PhD Studentship: Flow of Gas-Liquid Foams Through Complex Passages

University of Birmingham

School of Chemical Engineering, University of Birmingham, Edgbaston, Birmingham B15 2TT, UK.

Gas-liquid foams are ubiquitous in our daily life and in industry. Applications range from food, consumer goods, pharmaceuticals, polymers and ceramics to fire-fighting, enhanced oil recovery, and mineral particle transport. Recently, applications have also emerged in the medical field such as foam sclerotherapy of varicose veins and expanding polymer foam for treating brain aneurysms. 

In many industrial processes foams are forced to flow through intricate passages, into vessels with narrow complex cross-sections or through nozzles. Examples include flow of aerated confectionary in narrow channels and complex moulds, dispensing ice cream through a nozzle, filling of cavities with insulation foam, flow of foamed cement slurries in narrow oil-well annuli, filling of hollow aerofoil sections with polyurethane foam to make aerodynamic tethers for communication and geoengineering applications, and production of pre-insulated pipes for district heating. These flows are typified by contractions and expansions which generate complex phenomena that can have important effects on foam structure and flow, and can lead to dramatic instabilities and morphological transformations with serious practical implications for foam sustainability during flow and processing.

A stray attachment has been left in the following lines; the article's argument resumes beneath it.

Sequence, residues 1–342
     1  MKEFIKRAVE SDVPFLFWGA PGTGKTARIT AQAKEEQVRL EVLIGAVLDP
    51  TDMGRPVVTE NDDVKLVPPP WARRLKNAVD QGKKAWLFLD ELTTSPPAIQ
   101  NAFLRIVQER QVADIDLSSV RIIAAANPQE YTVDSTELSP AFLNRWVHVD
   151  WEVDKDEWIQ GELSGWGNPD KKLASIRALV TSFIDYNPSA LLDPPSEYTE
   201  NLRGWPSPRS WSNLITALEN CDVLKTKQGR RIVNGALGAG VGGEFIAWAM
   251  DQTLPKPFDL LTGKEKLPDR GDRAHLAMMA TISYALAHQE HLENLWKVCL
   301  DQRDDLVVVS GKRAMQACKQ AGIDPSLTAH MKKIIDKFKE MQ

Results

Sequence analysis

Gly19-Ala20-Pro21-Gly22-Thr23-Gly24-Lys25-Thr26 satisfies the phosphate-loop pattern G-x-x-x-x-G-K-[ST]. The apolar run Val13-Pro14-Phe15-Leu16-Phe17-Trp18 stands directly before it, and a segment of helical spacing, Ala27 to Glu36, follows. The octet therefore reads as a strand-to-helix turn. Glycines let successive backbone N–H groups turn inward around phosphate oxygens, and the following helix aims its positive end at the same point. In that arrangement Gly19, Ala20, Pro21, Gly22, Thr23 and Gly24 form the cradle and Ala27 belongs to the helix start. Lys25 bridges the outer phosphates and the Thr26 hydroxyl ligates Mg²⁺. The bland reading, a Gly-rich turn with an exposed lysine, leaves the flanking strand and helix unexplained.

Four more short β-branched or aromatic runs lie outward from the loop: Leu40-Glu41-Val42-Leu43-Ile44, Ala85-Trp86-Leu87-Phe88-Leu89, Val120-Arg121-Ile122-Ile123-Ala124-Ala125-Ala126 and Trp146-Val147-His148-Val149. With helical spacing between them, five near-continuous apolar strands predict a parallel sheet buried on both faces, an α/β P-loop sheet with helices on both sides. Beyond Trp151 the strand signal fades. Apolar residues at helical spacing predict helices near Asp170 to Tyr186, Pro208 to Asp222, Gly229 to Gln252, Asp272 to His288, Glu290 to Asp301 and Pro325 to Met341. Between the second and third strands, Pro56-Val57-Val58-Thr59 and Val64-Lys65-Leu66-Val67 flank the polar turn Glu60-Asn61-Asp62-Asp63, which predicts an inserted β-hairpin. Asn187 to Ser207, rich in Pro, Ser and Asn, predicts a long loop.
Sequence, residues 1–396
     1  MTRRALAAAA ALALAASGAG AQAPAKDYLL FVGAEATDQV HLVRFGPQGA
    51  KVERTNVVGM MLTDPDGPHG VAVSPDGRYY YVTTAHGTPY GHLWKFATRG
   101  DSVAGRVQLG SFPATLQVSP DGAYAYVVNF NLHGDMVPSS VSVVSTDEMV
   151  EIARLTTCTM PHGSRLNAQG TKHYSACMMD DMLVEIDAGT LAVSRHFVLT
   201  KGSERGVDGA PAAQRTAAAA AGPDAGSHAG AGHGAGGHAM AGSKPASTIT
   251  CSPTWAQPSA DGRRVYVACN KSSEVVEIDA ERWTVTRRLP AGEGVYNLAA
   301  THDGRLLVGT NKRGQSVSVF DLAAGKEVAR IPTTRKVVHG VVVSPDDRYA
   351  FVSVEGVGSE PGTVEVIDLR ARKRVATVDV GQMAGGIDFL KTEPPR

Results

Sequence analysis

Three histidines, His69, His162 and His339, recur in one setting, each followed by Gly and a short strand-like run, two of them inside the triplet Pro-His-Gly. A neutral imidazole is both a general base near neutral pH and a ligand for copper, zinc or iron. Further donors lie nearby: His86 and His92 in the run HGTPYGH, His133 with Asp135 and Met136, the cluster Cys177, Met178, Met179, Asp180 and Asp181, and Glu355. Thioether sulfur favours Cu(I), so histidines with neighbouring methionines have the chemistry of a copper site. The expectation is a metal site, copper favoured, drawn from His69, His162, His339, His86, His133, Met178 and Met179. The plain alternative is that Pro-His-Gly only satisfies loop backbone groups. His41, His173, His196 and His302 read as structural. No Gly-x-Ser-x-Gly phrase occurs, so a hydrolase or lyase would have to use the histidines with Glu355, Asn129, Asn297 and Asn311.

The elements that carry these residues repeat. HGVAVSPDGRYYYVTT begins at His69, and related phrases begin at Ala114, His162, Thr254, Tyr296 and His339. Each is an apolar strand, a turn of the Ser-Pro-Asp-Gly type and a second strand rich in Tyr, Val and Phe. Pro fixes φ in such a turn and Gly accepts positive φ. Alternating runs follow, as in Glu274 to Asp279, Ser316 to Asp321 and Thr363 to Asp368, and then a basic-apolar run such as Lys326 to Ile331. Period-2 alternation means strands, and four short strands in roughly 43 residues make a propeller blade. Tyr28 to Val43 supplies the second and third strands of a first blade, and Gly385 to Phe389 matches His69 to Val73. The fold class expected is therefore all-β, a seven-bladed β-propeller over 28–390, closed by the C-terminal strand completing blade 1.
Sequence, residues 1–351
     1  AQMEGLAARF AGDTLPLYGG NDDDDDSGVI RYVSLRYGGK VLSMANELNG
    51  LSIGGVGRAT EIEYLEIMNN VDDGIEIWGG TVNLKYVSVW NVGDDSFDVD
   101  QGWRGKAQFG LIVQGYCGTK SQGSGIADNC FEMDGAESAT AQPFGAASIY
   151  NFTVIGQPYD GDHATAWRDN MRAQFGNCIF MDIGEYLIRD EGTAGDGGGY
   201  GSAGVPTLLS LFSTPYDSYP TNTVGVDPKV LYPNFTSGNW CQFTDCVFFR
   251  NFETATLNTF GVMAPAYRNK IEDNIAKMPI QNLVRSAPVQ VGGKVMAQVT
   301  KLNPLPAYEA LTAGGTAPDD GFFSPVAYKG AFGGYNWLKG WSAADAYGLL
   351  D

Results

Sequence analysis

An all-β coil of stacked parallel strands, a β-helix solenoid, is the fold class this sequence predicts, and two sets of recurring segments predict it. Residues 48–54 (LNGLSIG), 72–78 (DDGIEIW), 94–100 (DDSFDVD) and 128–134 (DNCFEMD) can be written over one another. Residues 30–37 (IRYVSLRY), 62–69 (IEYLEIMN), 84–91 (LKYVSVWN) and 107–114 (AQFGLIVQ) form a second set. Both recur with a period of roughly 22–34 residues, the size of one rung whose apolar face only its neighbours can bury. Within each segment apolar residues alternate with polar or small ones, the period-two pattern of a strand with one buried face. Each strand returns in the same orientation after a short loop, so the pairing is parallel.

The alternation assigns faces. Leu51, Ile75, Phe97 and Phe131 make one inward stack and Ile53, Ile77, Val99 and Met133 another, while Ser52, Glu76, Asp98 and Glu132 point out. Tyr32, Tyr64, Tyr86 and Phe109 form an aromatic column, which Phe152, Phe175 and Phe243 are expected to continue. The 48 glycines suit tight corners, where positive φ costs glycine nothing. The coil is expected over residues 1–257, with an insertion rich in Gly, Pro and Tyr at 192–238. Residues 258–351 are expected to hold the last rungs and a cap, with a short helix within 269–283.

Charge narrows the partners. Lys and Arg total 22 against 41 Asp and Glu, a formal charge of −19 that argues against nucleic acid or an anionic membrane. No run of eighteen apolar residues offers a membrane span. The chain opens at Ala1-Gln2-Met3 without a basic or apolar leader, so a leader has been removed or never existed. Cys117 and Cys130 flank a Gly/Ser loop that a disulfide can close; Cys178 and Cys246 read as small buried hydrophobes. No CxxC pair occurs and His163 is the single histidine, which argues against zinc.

Here, the flow characteristics of the foam at bubble scale are important, but the topological changes incurred and their effects on the rheology and flow of the foam are poorly understood. This proposal seeks to address this lack of understanding by studying experimentally, using a range of diagnostic techniques a number of fundamental aspects related to the flow, stability and behaviour of three-dimensional foams through channels containing a variety of complex geometries. The flow of aqueous foams with formulations of varying degrees of complexity will be studied.  The effects of scale will be studied using microfluidic flow circuits and associated visualisation facilities.

The studentship will be funded by EPSRC DTA. The candidate should be a UK/EU citizen and should have at least a strong upper second-class (2.1) degree in Chemical Engineering or Applied Sciences.  Non-EU students may apply for this project if they have full funding to support their studies. Enquiries about the research project should be addressed to Professor M. Barigou; Email:

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Midlands of England